51. The origin of the term ‘Cha Cha’ is unknown. The closest description to De Souza's status to date is given by Ana Lucia Araujo, who considers him to have been a “commercial intermediary” for King Ghezo. Araujo also discussed some linguistic possibilities for the origin of De Souza's title. See Araujo, Ana Lucia, Public Memory of Slavery: Victims and Perpetrators in the South Atlantic (Amherst, NY: Cambria Press, 2010), 158 .

52. Campbell and Lewis to Viscount Parlmerston, Sierra Leone, March 30, 1837, TNA, Foreign Office, 84/214, fols. 133–135.

53. Report of the case of the Portuguese schooner Latona, Jozé Gervasio de Carvalho, master, TNA, Foreign Office, 84/214, fol. 141v.

54. Appendix No. 2. Commissioner's Report, HCPP 1842 [551][551–II] Report from the Select Committee on the West Coast of Africa, together with the minutes of evidence, appendix, and index, Part I, 27.

55. Report of the case of the schooner Jack Wilding, William Young, master, HCPP 1841, Session 1 (330) Class A. Correspondence with the British commissioners, at Sierra Leone, Havana, Rio de Janeiro, and Surinam, relating to the slave trade, 65. See also Judgement given in the case of the schooner Jack Wilding, William Young, master, TNA, Foreign Office, 84/270, fols. 80–86v.

56. Testimony of Reverend John Beecham. May 31, 1842, HCPP 1842 [551][551–II] Report from the Select Committee on the West Coast of Africa, together with the minutes of evidence, appendix, and index, Part I, Report and Evidence, 200.

57. Report of the case of the brig Emprehendedor, Joaquim Telles de Menezes, master, captured under Portuguese colours, Sierra Leone, September 2, 1839, TNA, Foreign Office, 84/271, fols. 34v–35.

58. Freeman, Thomas Birch, Journal of Various Visits to the Kingdoms of Ashanti, Aku, and Dahomi, in Western Africa (London: John Mason, 1844), 248 .

59. Crawford to Captain General Leopoldo O'Donnell, Havana, April 8, 1844, TNA, Foreign Office, 84/520, fols. 113–114v.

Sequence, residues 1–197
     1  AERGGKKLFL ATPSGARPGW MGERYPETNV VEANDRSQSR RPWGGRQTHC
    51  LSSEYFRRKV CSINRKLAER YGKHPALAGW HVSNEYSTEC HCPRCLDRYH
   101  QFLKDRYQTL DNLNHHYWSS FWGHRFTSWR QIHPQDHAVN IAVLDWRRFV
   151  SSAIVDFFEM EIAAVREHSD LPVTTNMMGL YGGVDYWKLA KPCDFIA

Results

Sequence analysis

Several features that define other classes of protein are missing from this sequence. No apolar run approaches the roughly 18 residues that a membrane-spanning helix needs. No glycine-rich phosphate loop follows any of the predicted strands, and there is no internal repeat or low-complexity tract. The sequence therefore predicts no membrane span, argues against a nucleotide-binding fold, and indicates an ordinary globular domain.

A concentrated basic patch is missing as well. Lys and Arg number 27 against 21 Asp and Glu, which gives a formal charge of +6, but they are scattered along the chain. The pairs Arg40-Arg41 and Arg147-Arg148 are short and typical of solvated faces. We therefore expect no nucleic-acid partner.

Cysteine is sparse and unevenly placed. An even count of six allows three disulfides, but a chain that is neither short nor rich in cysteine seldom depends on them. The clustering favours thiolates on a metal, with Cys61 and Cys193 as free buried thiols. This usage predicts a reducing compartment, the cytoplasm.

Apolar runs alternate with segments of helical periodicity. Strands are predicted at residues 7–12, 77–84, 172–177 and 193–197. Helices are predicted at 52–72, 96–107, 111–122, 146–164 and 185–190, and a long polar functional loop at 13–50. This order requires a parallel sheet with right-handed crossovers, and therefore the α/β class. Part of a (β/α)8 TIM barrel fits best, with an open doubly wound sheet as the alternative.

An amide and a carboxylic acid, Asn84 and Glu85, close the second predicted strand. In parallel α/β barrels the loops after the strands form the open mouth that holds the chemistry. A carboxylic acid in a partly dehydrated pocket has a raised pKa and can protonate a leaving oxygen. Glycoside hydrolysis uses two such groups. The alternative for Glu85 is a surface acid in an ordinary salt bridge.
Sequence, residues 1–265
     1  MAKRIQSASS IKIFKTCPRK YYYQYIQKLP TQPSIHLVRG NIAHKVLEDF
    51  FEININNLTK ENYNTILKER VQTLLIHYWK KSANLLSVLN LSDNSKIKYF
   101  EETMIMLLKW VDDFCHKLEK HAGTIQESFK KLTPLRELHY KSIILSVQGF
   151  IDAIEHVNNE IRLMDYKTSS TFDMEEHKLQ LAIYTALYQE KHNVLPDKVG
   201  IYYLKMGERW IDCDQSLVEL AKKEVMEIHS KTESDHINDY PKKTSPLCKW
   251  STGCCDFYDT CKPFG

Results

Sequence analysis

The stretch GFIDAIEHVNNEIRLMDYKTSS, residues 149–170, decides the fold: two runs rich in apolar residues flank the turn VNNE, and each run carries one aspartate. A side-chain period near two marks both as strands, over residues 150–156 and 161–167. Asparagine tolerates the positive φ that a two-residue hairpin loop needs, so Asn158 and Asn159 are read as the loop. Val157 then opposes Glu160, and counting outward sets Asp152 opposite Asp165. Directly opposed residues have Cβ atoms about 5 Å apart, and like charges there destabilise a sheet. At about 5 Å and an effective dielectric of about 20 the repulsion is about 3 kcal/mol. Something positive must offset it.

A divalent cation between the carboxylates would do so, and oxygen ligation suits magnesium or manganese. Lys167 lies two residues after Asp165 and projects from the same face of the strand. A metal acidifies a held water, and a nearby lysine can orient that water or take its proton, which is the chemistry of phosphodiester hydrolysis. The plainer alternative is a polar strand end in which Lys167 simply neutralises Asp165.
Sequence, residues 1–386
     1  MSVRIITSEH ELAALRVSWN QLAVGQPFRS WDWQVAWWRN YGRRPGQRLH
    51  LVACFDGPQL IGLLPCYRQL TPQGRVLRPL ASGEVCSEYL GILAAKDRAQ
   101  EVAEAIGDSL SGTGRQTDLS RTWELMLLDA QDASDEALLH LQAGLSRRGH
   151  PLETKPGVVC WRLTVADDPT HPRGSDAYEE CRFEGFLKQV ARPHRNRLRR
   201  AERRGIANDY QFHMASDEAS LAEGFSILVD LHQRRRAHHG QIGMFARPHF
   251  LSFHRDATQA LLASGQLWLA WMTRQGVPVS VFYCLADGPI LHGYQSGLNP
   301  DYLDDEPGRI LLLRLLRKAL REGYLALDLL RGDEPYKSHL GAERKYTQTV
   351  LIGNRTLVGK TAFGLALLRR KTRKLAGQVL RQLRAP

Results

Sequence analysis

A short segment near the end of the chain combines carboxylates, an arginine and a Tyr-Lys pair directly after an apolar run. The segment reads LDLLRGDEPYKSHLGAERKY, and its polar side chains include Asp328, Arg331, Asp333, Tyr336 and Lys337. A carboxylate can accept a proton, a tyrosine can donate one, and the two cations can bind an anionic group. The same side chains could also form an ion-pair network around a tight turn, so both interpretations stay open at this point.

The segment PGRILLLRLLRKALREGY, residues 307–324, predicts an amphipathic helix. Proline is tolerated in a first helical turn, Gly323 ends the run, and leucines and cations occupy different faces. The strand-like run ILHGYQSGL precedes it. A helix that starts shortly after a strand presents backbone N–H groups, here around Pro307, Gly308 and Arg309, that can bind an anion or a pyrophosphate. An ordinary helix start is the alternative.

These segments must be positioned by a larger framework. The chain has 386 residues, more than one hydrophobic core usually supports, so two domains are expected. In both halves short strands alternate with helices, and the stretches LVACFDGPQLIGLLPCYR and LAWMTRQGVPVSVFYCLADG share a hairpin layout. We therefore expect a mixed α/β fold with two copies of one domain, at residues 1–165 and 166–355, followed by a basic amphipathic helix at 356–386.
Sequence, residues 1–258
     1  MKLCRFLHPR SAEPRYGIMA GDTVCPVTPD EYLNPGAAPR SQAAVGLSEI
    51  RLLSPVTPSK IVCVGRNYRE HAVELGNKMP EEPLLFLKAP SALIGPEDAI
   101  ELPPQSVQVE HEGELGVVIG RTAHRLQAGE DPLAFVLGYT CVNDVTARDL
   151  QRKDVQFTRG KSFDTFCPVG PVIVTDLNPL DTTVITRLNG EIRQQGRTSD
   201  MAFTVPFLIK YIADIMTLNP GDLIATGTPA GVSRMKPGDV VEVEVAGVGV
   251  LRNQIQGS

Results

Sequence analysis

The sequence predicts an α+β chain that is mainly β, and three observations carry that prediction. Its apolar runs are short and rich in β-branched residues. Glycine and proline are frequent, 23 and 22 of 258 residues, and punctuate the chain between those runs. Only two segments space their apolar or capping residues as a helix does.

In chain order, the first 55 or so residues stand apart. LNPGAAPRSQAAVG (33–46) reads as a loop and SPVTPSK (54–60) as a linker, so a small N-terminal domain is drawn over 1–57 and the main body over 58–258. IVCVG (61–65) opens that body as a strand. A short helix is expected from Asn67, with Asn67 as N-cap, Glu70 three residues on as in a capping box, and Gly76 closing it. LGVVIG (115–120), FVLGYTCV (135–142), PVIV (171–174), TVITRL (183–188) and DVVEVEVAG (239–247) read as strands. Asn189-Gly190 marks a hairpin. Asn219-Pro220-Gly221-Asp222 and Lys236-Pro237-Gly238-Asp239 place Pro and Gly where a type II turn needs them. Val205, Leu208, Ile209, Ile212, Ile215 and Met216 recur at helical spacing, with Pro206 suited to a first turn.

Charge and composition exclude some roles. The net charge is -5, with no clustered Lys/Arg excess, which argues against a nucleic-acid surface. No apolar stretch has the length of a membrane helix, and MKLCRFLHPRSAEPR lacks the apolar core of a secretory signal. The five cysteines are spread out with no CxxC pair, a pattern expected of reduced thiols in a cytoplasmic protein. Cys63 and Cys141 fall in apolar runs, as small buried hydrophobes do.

60. M. L. Melville and James Hook to the Earl of Aberdeen, Sierra Leone, November 12, 1844, TNA, Foreign Office, 84/506, fols. 322–329v.

61. Antonio Sanmartí to Fernando Carreira, brig “Dous Amigos,” Adjudah, November 8, 1838, HCPP, 1842 [551][551–II], report from the Select Committee on the West Coast of Africa, together with the minutes of evidence, appendix, and index, Part I.–Report and Evidence, 123.

62. Sanmartí to Juan Allende, Ajuda, July 6, 1844, TNA, Foreign Office, 84/506, fols. 337v–339; Juan Antonio da Silva Chaves to Estavão José Bruxado, Havana, March 14, 1844, TNA, Foreign Office, 84/506, fols. 335v–336v.

63. Sanmartí to Allende, Ajuda, July 6, 1844, TNA, Foreign Office, 84/506, fol. 339.

64. Crawford to the Earl of Clarendon, Havana, March 30, 1855, HCPP 1856 (0.2) Class B. Correspondence with British ministers and agents in foreign countries, and with foreign ministers in England, relating to the slave trade, 377.

65. This stratagem was also tried in other parts of the Americas at the time. See for example Alex Borucki, “The ‘African Colonists’ of Montevideo: New Light on the Illegal Slave Trade to Rio de Janeiro and the Río de la Plata (1830–1842),” Slavery & Abolition 30:3 (2009): 427–444.

66. El gobernador capitán general de Cuba da curso a una instancia de Ignacio María Zangróniz solicitando permiso para introducir en la isla a cinco mil aprendices africanos, en calidad de libres, para destinarlos a la agricultura. Denegado por Real Orden de 4 de abril de 1854, Archivo Histórico Nacional, Madrid [hereafter AHN], Ultramar, 4642/13.

67. For an in-depth examination of the transactions between Cuban business firms and the Mexican government for the importation of Mexican laborers, both free and prisoners, into Cuba, see Piña, Javier Rodríguez, Guerra de castas: la venta de indios mayas a Cuba, 1848–1861 (Mexico: Consejo Nacional para la Cultura y las Artes, 1990), especially 99–174; and Navarro, Moisés González, Raza y tierra: la guerra de castas y el henequén (Mexico: El Colegio de Mexico, 1974).